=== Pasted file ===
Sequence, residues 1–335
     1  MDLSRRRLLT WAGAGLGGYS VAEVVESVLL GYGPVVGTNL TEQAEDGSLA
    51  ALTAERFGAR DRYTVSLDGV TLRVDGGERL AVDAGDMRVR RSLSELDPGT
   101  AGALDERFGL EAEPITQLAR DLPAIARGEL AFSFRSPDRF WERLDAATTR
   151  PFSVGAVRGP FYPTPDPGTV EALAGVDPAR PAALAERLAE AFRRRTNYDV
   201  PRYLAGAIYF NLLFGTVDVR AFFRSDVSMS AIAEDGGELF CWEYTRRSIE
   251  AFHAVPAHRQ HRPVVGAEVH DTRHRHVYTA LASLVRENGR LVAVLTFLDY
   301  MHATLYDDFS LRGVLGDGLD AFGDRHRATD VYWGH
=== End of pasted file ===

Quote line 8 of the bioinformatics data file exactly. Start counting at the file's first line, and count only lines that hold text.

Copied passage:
   301  MHATLYDDFS LRGVLGDGLD AFGDRHRATD VYWGH